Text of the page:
Researchers worked on the Caribbean coast of Colombia and used field, hatchery, and laboratory studies to investigate their question. For the field study, researchers chose to look at a section of beach that is known to host a large amount of nesting female leatherbacks. This beach was divided into 3 nesting zones all with different sand water content. Sand samples were taken from two depths at each zone to determine water content. For the hatchery phase, turtle eggs were removed from nests and brought to a protected part of the beach and placed in nests representing the 3 zones from the field study. This area was offered more protection and more monitoring. For the laboratory phase, researchers took recently laid turtle eggs from their nests and put them into mock nests at similar depths (Fig 4). Here they were able to manipulate the sand water content. Eggs were placed in one of 5 water content treatments: 1, 2, 6, 10, or 12%. Side note: the eggs used for the laboratory and hatchery phase were taken from nests which researchers determined were “doomed” based on their location.
For all 3 experiments, turtles hatchings were monitored and recorded. Each hatching represented a successful emergence. Once hatchings stopped, nests were excavated and the remaining eggs were removed. These embryos presumably all died and the stage at death was determined for each egg.
Overall, the researchers found strong correlations between sand water content and hatching success, increases in moisture lead to decreases in hatching success (Fig 5). The laboratory phase offered a glimpse into the moisture levels that triggered mortality. There was a jump between 2% and 6% continuing through 12%, where there was almost 100% mortality (Fig 6). All of the mortality at 12% happened in the first embryonic stage of the turtle.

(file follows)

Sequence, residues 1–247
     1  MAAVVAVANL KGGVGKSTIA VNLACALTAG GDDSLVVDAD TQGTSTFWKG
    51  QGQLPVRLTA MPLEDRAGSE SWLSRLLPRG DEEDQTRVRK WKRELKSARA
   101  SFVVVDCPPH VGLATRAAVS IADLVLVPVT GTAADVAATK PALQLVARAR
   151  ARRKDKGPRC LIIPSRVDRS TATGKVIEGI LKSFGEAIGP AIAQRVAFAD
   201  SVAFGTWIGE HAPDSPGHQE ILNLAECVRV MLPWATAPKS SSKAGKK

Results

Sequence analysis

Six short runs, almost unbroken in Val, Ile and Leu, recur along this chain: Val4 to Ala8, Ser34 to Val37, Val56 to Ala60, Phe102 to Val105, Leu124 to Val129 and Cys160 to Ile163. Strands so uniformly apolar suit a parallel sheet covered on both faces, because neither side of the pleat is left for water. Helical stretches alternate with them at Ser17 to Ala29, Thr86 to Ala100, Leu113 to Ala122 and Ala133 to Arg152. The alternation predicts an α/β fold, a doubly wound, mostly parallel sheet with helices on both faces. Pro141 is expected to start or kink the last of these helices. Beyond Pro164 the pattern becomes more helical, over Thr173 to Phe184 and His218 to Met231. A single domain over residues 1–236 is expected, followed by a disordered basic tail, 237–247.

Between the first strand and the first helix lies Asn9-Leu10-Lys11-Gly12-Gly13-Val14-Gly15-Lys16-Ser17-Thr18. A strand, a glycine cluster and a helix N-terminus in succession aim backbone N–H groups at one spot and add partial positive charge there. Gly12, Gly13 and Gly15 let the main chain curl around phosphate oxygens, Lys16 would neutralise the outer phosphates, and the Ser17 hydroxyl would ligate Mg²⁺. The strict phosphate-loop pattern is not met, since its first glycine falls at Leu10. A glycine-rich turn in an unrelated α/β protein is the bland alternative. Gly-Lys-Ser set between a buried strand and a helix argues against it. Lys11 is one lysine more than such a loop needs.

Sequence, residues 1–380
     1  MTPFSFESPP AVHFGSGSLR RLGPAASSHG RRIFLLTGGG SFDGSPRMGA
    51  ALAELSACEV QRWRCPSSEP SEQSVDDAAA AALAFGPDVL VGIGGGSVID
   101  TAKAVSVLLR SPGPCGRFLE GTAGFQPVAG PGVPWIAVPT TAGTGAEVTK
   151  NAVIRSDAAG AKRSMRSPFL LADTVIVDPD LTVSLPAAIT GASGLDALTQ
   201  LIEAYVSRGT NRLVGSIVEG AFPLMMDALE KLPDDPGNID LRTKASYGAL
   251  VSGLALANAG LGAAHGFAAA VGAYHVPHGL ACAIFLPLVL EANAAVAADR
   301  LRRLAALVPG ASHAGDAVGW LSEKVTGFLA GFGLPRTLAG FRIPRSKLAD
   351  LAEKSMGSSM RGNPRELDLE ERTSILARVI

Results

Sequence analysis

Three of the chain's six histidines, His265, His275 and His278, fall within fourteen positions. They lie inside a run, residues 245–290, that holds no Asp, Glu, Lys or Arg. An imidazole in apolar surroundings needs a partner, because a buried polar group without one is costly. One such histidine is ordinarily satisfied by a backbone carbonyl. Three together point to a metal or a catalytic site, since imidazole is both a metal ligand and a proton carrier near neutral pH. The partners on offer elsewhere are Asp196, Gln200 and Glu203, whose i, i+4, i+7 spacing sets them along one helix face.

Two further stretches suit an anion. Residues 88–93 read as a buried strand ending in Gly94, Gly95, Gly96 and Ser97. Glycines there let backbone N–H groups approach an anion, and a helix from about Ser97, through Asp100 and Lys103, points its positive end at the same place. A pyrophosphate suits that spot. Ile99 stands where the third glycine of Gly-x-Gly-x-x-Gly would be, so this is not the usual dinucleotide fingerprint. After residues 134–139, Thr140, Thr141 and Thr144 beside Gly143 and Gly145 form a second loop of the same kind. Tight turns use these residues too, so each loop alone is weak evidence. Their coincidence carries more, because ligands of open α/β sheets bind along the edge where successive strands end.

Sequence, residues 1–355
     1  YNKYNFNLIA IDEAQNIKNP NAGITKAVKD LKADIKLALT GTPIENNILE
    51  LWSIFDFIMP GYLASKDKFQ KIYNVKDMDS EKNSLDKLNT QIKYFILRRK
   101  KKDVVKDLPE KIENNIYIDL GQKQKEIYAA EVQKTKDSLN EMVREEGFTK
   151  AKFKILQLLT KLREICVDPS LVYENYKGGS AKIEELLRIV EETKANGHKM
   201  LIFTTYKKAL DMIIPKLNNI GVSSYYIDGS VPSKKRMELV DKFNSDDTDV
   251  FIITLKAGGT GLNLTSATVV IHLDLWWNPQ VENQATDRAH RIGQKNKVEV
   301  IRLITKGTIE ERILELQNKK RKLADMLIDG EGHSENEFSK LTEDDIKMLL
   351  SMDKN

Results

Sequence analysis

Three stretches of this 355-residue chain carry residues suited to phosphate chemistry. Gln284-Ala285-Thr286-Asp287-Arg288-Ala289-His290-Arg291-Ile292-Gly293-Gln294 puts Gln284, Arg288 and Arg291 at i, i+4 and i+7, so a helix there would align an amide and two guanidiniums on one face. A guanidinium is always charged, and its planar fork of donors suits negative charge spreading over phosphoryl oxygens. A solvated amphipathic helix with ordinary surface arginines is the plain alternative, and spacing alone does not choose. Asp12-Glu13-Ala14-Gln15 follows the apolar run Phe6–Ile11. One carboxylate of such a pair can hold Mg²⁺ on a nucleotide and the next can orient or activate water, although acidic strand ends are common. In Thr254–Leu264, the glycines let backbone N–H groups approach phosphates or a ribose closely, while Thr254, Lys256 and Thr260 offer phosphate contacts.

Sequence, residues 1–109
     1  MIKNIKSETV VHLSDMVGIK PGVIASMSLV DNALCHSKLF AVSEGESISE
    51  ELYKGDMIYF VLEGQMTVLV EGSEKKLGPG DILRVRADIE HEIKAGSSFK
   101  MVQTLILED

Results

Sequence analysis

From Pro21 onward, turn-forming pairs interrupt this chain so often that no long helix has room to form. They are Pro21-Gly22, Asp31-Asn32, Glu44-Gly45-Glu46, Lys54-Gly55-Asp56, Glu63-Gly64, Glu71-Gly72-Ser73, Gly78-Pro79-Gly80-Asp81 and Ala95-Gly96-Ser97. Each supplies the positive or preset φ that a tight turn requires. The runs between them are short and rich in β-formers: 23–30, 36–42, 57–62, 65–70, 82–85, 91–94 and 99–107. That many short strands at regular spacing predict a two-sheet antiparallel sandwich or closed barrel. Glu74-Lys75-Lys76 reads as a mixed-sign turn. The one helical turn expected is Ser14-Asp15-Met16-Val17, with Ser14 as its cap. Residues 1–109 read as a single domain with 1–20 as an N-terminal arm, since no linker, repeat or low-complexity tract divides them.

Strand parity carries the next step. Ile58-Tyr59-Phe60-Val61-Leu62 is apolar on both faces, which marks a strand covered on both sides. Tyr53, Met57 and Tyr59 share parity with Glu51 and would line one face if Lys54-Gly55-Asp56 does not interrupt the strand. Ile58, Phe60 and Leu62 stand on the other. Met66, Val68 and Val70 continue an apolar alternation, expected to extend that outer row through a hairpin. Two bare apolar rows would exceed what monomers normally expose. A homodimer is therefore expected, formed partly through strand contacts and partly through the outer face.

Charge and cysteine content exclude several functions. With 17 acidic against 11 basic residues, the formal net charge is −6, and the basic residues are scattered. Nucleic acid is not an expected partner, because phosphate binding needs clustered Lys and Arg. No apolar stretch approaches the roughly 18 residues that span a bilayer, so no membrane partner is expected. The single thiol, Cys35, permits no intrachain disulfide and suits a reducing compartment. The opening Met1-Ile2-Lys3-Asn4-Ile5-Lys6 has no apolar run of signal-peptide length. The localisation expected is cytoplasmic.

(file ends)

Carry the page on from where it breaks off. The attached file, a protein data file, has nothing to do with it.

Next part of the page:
The success of turtle eggs hatching is highly correlated with moisture content of the nests they are laid in. Nests with greater water content yield less turtles. This could be major problem for leatherbacks as sea levels continue to rise. Nesting sites are threatened from rising seas on one side and coastal development on the other. Suitable habitat is decreasing for many species and if the water content of their nests plays that big of a role in the viability of offspring, then turtles are likely to be impacted by this way before their habitat disappears. However, it is important to keep in mind that animals have the ability to adapt. Turtles may be able to change the structure or permeability of their eggs in order to get around this problem. But if the environment is changing too quickly, sea turtles may not have time to adapt.
Postdoctoral Researcher, Claremont McKenna College
I am currently a postdoc at Keck Sciences, Claremont McKenna College. I work with Dr. Sarah Gilman, measuring and modeling energy budgets in intertidal species. I am a climate scientist and marine community ecologist and my PhD (University of Rhode Island) focused on how ocean acidification and eutrophication, alters coastal trophic interactions and species assemblages.
I love bad jokes and good beer.